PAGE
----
Lip gloss is a 1930s cinematic invention that visually smoothes out the lines of the lips and creates a shiny, plump look. Whereas lipstick exists mostly to display color, lip gloss is more of a tool to control light. By attracting shine to the mouth, the lips look fuller, adding a youthful appearance to the face.
With the exception of lip lacquers, the color of a lip gloss is less important than its shine effect. The sheerness of this product category makes it popular with very young women as well as beginners to makeup. Due to the visual plumping effect of lip gloss, it is also a very good product for increasing the fullness of smaller lips.
With larger lips, the plumping effect can be dramatic--a good thing for balanced lip shapes, but sometimes distracting with unbalanced lip shapes. On larger mouths, lip gloss is sometimes easier to wear when applied only to the center of the lips rather than from corner to corner.
Lip glosses tend to be available in the lighter color harmonies like beige, coral, pink, and rosewood, although lately, brands have been launching more and more deep colors like plum.
I tend not to wear lip gloss very often because I like the maturity and color expertise of lipstick. However, because lip gloss often includes at least an emollient and an occlusive agent, as well as a humectant in some plumping formulas, it makes an unbeatable moisturizer for the lips. In the winter, a slick of lip gloss protects my lips much more effectively than any lip balm.
Plumping Lip Gloss
There is a fairly important subset of this category referred to as plumping lip gloss. This category refers to formulas that:
1) Maximize the optical plumping effect of the gloss by filling in as many creases in the lips as possible
2) Include an irritating ingredient that will swell the lips
3) Include a humectant like hyaluronic acid to heavily moisturize the lips
4) Or some combination of the above
Mass-market lip plumpers tend to use more irritating ingredients such as capsaicin. Selective-market lip plumpers rely more on the more expensive options like humectants. Capsaicin-based lip plumpers can be very unpleasant to many people and should always be spot-tested before use.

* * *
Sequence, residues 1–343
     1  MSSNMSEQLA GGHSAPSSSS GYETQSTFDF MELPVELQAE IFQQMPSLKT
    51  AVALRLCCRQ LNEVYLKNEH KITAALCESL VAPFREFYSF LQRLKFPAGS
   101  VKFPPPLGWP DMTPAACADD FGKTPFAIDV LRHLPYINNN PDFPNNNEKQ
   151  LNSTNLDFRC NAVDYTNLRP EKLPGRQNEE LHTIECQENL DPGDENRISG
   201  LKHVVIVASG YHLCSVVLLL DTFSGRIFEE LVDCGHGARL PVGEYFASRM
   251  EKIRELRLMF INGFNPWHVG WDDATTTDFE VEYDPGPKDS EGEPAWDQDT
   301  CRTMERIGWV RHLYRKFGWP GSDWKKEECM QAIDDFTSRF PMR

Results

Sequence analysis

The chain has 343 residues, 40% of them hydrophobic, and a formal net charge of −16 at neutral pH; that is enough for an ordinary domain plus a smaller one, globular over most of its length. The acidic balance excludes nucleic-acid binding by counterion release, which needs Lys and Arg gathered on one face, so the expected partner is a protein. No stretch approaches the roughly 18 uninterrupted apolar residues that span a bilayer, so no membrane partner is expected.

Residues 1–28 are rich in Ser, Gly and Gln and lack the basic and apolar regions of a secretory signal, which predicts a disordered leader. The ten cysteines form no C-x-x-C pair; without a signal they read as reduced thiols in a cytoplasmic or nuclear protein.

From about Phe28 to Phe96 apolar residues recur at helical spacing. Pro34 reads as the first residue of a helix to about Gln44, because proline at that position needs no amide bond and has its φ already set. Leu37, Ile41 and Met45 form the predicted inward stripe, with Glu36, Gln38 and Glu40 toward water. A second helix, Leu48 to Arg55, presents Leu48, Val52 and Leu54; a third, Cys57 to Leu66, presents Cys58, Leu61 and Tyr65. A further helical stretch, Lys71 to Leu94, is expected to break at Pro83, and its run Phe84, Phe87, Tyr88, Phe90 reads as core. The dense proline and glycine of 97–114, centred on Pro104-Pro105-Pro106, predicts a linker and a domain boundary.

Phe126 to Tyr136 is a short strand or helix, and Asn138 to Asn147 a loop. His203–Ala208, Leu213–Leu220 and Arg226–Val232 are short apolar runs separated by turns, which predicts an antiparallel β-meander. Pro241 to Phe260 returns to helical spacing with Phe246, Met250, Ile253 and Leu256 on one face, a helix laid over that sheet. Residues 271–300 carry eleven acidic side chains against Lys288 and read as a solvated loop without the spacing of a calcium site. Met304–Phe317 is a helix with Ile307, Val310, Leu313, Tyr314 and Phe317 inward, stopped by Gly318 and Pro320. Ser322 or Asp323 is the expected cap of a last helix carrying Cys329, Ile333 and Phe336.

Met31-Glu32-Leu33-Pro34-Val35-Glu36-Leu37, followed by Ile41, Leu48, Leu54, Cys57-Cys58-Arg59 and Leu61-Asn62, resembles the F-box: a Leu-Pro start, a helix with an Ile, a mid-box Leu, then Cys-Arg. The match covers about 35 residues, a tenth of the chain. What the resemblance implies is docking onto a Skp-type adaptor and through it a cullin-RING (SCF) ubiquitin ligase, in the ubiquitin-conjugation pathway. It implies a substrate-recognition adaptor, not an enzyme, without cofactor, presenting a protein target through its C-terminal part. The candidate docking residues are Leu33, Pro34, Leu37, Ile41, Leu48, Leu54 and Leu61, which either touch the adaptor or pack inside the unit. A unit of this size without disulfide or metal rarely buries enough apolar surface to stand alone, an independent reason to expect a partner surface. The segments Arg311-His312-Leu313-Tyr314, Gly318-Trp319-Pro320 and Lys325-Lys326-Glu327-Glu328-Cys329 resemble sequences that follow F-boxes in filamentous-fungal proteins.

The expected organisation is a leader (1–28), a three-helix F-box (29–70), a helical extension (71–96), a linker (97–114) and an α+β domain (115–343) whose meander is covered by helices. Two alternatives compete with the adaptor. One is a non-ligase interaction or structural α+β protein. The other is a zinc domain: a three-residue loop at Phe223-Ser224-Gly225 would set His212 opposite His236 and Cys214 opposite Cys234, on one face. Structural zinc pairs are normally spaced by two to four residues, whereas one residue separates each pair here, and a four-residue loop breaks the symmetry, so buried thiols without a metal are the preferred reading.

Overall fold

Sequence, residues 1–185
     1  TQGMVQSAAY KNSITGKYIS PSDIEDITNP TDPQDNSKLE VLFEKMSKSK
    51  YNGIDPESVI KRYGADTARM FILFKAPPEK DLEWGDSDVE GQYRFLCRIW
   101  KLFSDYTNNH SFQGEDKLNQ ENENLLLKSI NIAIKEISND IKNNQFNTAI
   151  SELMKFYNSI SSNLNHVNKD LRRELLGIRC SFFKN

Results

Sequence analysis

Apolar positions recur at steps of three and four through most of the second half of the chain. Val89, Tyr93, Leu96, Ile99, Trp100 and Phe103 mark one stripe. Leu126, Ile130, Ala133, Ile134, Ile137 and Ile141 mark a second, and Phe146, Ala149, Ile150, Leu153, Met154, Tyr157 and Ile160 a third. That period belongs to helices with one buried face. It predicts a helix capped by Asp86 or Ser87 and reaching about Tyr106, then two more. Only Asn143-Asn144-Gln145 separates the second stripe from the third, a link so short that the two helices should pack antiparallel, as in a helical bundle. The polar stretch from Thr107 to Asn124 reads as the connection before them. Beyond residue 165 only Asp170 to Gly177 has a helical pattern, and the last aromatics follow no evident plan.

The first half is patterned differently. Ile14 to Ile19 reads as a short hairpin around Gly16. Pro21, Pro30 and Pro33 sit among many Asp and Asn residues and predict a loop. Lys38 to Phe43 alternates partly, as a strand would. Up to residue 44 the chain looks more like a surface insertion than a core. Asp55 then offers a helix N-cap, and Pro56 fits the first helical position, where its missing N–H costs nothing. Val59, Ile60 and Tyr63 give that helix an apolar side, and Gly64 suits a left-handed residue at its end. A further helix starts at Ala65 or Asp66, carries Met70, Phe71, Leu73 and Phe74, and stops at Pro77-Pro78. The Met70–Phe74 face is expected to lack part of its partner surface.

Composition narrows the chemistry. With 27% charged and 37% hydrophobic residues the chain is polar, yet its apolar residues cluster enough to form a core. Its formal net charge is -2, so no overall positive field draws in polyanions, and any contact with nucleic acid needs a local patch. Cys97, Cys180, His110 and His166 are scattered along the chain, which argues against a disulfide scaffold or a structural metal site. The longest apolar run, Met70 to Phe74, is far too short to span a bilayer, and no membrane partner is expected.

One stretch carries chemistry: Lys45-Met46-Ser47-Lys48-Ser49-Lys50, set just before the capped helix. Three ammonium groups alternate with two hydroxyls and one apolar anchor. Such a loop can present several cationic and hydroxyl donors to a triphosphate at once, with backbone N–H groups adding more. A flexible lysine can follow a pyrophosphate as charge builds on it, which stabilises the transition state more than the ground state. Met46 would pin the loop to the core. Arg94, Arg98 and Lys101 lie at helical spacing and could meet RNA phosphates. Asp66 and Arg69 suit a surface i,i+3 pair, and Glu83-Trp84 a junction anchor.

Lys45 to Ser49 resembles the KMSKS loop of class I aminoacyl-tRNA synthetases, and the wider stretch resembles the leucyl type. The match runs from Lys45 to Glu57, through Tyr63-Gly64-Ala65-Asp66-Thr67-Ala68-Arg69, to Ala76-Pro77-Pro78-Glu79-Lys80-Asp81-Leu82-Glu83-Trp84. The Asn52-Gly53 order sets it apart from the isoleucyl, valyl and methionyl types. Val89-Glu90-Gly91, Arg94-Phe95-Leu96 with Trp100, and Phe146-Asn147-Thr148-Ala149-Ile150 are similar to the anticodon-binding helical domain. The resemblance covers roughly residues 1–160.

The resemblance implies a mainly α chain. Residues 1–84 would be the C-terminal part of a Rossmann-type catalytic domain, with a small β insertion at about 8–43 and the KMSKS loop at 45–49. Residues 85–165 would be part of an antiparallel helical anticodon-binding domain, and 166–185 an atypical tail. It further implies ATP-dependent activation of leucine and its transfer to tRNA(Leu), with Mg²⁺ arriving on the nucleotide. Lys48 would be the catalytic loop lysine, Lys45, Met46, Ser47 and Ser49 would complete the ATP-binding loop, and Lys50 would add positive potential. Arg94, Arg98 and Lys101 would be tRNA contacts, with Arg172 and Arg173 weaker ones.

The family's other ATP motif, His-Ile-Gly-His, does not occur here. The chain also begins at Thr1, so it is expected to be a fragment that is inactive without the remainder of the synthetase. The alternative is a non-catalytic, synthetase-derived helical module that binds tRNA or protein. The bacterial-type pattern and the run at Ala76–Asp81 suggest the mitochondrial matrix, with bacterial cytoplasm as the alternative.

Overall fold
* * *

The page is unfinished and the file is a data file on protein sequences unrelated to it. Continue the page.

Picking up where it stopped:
However, I find that there is nothing better than a nice humectant-based lip plumper to liven up my lips. Especially in the afternoon in an office environment, when I tend to be dehydrated and my lips shrivel, wrinkle, and grow pale. A lip plumper will feel very soothing and really make me look much more pulled together, at least until I can take a water break.
I really like FusionBeauty’s LipFusion Lip Plump Color Shine. I find that it has the most impressive plumping function of the glosses I’ve tried. It is a little sticky but has an extraordinary efficacy.
But my favorite plumping gloss is the classic Dior’s Lip Maximizer, a global favorite. It is very comfortable, gentle, and beautifully colored with the sweetest milky soft pink. I like that it is less shine than many glosses, which makes it more discreet for day wear. It’s not sticky at all, so I apply my evening lipstick right on top.
Lip Gloss Textures
Totally clear lip gloss can be used alone but are generally used in conjunction with lipstick to change the makeup effect. Generally, transparent lip gloss is sold in squeeze tubes to avoid contaminating the product with an applicator that has touched lipstick.
Also, these products tend to be thicker and stickier to increase staying power as part of a layered lip look.
Designed to be worn alone, translucent lip gloss is usually very sheer. Sometimes, the color is almost undetectable when applied. These lip glosses look quite fresh and are often part of summer collections.
Lip glosses with a milky finish are quite popular right now, especially in European markets. They tend to have more color payoff than translucent shades. The relative discretion of milky finishes makes them easier to wear on naturally plump lips.
Iridescent and Pearlescent
Lip glosses with an iridescent or a pearlescent finish can be either really modern or really dated. Generally, the finer the shine particles, the more successful the finished look. Pearlescent finishes can veer quickly off into 1980s frosted territory.
Shimmer and Glitter
Shimmery and glittery lip gloss are one of the most traditional finishes. These finishes are particularly popular with very young women. At their best, these shades are fun and collectible; at their worst, they are infantile and immature.